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I wrote a skeleton class that implements the Queue interface. When i compile, i get an ErrMsg asking to implement the add method from Object class(or does it refer to Object interface? I looked up both in the Java API and none of them even has an add method)

Why do i get this error and does it mean that a non-abstract class which implements a given interface needs to implement all the methods from the implemented class? I would have thought not.

import java.util.* ;
class  ArrayQueue implements Queue
    private Object[] elems ;
    private int front, rear, length ;

    public static void main(String[] args) 
        System.out.println("Hello World!");

    public ArrayQueue(int maxLength)
        length = 0 ;
        front = 0 ;
        rear = 0 ;
        elems = new Object[maxLength] ;

    public  boolean offer(Object o) {}

    public  Object poll() {}

    public  Object remove() {}

    public  Object peek() {}

    public  Object element() {}

compiler message:

ArrayQueue is not abstract and does not override abstract method add(java.lang.Object) in java.util.Queue

btw, is there an other tag than homework to say that this is done in the context of studying? it's not homework i'm doing but its as close as it gets to what i do: study...


i have been looking at this API page and it doesn't mention add()...am i looking at the wrong page?


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up vote 3 down vote accepted

A class that implements an interface must implement all of the methods in the interface, as well as all methods in any other interfaces that the interface inherits.

An abstract class does not need to implement all of the methods in the interfaces it implements, but any concrete classes that inherit the abstract class do.

The entire point of an interface is that any class implementing the interface can be used transparently as an implementation.
If classes didn't need to implement all of their interfaces' members, that would defeat the purpose.

In your example, what would happen if someone writes

Collection myQueue = new ArrayQueue();

This code calls a method that you didn't write.

The error is telling you that you didn't implement a method named add which takes an Object as a parameter.
The method comes from the Queue interface, as it says at the end of the message.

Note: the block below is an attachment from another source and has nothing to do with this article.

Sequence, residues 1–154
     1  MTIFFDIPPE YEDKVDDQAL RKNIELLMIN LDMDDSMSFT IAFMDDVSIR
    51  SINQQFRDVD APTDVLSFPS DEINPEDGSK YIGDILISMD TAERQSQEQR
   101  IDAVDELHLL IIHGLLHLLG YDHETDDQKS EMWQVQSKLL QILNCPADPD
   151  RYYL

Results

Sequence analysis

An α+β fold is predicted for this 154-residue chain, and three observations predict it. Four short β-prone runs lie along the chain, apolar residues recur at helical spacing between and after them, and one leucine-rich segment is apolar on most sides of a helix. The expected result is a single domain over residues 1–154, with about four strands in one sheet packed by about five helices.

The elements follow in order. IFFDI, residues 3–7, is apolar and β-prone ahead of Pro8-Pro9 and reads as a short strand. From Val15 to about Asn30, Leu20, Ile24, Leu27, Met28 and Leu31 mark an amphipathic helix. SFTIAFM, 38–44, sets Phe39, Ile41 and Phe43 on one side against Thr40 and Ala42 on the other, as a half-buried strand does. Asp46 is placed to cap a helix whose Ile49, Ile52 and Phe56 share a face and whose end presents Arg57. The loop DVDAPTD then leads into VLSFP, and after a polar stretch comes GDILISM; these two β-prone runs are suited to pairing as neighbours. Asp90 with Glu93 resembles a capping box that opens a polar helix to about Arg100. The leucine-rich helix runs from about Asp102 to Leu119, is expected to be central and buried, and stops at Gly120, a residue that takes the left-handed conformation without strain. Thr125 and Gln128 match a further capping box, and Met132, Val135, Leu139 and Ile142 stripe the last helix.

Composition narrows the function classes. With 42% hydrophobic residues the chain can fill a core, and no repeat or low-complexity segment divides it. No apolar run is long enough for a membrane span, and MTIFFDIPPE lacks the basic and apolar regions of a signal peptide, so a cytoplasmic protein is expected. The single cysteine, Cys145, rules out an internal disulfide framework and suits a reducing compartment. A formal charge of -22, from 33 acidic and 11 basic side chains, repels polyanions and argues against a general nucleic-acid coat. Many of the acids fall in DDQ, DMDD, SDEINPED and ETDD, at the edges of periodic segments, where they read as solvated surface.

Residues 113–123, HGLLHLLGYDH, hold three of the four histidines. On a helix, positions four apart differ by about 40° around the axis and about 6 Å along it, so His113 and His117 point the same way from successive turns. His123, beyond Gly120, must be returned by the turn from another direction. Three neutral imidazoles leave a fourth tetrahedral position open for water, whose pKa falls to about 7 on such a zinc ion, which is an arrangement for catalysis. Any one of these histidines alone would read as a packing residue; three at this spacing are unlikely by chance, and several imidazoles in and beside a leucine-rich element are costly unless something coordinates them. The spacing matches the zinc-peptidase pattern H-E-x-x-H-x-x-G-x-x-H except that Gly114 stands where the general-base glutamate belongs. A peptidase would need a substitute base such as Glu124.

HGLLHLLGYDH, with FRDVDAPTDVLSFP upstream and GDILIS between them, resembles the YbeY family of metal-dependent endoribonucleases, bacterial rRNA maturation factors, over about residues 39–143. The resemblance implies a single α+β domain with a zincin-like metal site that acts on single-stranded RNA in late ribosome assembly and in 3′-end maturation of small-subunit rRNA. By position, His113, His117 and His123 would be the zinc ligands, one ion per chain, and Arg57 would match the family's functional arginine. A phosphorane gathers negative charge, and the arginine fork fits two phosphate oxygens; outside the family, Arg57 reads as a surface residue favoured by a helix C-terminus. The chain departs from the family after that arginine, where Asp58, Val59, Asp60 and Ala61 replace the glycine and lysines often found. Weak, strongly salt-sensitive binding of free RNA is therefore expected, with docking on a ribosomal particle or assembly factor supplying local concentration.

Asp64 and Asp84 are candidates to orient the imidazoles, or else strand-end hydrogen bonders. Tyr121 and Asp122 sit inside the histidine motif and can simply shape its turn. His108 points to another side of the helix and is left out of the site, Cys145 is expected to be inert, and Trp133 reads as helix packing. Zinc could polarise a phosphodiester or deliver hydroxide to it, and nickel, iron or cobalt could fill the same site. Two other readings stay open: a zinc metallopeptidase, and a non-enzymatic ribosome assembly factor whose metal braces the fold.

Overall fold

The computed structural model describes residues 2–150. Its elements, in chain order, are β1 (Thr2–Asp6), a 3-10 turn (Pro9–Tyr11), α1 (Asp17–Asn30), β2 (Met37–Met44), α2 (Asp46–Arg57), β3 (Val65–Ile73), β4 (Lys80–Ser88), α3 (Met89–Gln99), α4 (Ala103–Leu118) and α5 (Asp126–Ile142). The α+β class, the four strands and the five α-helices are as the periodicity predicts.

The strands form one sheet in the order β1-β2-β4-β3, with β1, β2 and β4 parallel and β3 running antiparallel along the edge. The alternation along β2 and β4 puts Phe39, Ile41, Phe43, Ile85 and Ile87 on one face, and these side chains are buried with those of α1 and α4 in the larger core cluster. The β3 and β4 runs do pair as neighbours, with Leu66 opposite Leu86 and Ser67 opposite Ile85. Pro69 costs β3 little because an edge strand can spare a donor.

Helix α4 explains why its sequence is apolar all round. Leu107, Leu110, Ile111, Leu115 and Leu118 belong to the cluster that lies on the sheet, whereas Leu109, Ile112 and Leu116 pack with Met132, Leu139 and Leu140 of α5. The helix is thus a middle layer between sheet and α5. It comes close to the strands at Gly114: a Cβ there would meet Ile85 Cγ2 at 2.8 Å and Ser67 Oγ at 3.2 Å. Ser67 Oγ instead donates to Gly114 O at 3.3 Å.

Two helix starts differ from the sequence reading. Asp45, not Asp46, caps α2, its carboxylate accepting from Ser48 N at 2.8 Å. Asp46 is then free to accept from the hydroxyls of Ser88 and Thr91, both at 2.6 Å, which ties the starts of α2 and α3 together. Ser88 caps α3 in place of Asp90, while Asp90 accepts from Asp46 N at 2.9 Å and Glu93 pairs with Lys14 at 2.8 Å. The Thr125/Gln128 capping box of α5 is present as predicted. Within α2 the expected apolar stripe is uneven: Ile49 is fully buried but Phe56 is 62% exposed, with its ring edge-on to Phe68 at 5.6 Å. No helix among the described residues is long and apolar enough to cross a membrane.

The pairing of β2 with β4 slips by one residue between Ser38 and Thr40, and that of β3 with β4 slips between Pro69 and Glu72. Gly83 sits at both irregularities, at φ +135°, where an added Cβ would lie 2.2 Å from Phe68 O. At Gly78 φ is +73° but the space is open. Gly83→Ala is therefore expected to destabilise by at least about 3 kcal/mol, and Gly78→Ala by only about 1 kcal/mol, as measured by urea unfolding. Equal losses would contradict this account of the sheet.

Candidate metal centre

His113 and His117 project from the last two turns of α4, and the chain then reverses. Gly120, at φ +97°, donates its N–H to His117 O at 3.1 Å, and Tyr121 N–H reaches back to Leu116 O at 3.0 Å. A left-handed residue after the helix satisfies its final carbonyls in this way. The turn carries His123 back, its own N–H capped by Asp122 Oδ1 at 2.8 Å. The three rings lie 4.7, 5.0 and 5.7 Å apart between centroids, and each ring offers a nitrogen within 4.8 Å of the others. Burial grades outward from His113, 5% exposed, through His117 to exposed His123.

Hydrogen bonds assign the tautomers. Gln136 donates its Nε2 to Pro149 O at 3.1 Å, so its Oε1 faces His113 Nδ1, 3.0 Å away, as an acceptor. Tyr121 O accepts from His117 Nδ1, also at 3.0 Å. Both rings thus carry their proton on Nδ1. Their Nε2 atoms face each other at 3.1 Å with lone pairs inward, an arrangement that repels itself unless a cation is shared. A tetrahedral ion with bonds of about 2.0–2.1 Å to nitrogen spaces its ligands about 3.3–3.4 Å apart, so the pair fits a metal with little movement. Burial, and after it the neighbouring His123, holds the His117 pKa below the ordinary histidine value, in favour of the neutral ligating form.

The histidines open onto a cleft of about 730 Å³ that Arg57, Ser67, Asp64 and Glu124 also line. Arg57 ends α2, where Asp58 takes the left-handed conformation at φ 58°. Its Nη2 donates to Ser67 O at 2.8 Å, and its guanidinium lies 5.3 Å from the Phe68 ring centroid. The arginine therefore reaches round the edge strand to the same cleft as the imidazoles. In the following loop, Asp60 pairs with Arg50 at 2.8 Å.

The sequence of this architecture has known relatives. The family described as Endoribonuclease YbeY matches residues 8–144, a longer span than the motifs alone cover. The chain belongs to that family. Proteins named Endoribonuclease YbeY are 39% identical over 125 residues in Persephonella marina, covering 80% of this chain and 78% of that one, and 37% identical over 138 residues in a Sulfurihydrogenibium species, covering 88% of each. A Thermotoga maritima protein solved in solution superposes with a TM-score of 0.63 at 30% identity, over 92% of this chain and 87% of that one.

The Queue interface in turn inherits this method from the Collection interface.

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ah ok, i understand the error message better now. but i'm still confused about the fact that the page download.oracle.com/javase/1.5.0/docs/api doesn't mention an add() method – raoulbia Mar 30 '11 at 15:16
@Baba: Look under Methods inherited from interface java.util.Collection. – SLaks Mar 30 '11 at 15:17
that was my question "does it mean that a non-abstract class which implements a given interface needs to implement all the methods from the implemented class? " so the answer is YES it seems – raoulbia Mar 30 '11 at 15:18
That question doesn't make sense. Do you mean "from the interface's base interfaces"? – SLaks Mar 30 '11 at 15:19
yes that's probably a better way to say it, i do refer to interface's base interfaces – raoulbia Mar 30 '11 at 15:21

The error message is about the add() method in the Queue interface itself. Note also that Queue extends Collection and Iterable, so you need to implement the methods of those interfaces as well.

An alternative is for your class to extend AbstractQueue - that would save you a lot of work.

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but then it asks me for size()...:) i can see the pro's of interfaces but the fact that one must implement ALL methods and base methods seems indeed quite tedious – raoulbia Mar 30 '11 at 15:23
@Baba: which is exactly why you often get an overridable default or abstract partial implementation (like AbstractQueue) for large interfaces. – Michael Borgwardt Mar 30 '11 at 15:42

If you look at the interface java.util.Queue, you will see that there is a method, add() which takes a single argument, a java.lang.Object.

In order implement the Queue interface, you therefore need to implement that method.